The next-generation Dodge Charger was first teased to the Chrysler dealer body during a dealer event in Las Vegas back in 2015. According to those who attended the new car carried a lot of styling elements from the 1999 Dodge Charger R/T Concept from the B-pillar backwards, while carrying a more upright front fascia like a BMW 7-Series. Dodge has several years since to change key elements of its design, however, we are told that much of that design is still there with new more aggressive LED lighting elements.
For Challenger fans, the car that was teased doing a burnout in the EV Day 2021 presentation, is far from the model that will make it into production. The new Challenger will be much more modern but will continue to take retro heritage cues from Chrysler Group muscle cars of the past. Our source says, that Dodge is taking the design of the Challenger “very seriously” and is making sure “not to repeat the styling mistakes of the current Camaro”, which pushed the retro theme of the car into an “abominable mess.”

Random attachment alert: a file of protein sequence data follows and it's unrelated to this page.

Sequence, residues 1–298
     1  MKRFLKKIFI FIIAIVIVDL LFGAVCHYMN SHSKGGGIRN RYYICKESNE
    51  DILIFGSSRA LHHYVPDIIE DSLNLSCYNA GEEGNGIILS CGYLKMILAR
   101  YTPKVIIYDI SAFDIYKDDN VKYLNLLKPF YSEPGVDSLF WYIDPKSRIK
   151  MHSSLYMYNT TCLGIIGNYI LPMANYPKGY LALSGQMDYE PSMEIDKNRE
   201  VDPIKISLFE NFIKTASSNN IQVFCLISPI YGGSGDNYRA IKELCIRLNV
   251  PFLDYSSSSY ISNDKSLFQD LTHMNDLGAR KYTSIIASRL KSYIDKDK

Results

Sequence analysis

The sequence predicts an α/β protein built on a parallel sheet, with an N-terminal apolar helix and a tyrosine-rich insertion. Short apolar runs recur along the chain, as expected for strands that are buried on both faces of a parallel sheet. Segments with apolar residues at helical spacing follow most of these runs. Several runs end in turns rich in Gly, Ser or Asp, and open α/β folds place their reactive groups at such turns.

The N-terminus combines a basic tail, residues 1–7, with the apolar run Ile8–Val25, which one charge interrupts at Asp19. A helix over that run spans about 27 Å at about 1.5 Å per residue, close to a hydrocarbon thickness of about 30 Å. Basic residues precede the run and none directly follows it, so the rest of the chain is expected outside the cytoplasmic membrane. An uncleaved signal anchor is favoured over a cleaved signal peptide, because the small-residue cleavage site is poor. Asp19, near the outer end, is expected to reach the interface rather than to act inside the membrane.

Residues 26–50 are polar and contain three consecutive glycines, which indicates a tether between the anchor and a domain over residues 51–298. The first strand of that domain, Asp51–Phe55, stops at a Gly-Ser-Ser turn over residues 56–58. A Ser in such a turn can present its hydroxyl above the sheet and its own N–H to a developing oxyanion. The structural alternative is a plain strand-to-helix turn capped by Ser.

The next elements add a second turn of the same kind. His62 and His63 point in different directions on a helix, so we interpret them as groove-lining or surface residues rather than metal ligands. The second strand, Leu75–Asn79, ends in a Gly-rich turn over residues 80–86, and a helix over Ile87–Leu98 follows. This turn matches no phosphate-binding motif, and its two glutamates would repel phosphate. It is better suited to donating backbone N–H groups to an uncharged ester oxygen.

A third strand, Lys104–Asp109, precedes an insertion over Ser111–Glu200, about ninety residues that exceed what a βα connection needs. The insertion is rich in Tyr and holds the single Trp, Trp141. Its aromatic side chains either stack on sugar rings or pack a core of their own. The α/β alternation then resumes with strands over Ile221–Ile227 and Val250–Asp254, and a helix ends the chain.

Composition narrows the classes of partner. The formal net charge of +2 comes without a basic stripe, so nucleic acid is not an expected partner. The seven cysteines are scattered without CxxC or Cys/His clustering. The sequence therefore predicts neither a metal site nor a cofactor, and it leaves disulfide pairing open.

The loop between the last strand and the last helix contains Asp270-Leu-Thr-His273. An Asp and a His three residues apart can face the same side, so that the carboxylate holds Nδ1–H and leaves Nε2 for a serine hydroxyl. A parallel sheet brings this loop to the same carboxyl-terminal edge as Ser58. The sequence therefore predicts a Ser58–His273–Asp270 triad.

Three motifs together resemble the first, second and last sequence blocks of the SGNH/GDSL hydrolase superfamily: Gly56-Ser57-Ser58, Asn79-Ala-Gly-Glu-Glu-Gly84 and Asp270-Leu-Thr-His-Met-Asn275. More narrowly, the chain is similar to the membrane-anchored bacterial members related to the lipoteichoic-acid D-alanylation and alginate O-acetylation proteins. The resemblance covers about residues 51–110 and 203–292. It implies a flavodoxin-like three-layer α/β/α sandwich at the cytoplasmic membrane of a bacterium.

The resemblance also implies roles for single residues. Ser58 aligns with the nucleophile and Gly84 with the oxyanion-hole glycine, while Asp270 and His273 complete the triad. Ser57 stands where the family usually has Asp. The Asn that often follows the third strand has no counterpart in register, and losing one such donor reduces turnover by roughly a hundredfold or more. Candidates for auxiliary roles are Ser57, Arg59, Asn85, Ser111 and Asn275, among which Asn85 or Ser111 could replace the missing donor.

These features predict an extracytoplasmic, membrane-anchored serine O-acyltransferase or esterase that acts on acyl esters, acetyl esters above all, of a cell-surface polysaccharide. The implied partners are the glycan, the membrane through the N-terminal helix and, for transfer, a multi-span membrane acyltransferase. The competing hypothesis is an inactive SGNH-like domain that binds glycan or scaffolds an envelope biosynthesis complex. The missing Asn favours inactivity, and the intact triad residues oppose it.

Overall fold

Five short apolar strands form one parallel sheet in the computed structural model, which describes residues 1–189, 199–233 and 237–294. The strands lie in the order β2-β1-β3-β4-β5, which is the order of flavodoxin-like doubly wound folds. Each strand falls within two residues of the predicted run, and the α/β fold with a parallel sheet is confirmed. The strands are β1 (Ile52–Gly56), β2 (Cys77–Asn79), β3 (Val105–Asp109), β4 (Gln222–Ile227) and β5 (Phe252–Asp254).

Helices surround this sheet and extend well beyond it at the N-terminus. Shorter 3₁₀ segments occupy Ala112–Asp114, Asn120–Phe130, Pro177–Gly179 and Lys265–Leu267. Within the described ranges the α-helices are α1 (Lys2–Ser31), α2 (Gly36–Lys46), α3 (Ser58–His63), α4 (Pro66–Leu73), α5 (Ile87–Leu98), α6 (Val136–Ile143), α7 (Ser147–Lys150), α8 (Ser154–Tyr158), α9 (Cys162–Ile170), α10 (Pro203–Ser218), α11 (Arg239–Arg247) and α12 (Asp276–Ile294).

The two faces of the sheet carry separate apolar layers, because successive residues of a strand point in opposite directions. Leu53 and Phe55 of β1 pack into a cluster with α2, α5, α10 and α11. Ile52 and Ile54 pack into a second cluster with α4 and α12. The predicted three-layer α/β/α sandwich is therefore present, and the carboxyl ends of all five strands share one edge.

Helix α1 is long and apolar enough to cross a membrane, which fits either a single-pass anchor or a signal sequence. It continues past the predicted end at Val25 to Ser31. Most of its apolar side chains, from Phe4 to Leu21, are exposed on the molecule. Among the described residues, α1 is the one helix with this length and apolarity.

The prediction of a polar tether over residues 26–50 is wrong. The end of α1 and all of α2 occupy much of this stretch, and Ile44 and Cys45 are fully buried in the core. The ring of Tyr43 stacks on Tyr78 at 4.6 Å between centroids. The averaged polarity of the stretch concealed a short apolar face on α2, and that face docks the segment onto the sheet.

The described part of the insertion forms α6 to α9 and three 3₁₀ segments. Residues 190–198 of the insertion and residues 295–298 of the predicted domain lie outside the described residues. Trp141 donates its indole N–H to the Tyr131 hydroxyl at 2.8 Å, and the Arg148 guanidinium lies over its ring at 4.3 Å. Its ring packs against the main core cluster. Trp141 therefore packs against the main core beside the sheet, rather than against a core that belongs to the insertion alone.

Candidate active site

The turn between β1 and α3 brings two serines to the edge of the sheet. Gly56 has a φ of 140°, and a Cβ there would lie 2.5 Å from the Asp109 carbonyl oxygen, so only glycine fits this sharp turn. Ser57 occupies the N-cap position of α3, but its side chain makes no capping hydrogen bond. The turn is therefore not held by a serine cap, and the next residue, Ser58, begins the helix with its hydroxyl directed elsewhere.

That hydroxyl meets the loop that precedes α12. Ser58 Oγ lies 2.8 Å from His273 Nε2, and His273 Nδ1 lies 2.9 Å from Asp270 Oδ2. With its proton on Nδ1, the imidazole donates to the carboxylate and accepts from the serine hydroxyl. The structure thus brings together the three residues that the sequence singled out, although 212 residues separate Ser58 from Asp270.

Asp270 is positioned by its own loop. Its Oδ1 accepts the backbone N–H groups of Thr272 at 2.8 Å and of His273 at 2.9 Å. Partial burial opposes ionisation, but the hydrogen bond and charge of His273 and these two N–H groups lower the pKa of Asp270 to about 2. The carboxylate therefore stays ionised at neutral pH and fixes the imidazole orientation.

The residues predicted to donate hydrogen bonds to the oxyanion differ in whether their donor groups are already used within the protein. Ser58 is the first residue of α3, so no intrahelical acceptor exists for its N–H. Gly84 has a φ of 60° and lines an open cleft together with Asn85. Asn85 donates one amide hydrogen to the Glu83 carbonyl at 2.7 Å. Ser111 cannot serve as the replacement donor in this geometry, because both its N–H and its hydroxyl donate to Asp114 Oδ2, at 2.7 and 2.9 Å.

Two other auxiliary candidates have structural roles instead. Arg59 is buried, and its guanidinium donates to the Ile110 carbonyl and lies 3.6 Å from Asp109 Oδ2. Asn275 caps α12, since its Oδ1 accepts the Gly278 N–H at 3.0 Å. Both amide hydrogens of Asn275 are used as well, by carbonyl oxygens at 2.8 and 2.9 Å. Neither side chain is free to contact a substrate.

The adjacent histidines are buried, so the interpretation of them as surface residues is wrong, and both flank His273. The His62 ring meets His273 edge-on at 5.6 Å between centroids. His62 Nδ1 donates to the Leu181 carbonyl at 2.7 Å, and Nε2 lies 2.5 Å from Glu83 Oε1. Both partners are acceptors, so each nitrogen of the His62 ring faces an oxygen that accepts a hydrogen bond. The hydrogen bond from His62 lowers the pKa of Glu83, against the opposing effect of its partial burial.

It is expected that the LB will continue to be a similar size as the current Challenger, so it will be a muscle car for everyday use and fitting 5-passengers comfortably.
There is also word about a convertible model making the production cut as well. A convertible version was shown during that 2015 dealer event. While that model was dubbed “Cuda” at the event, it is expected that Dodge will not drop its famed Challenger name due to its popularity.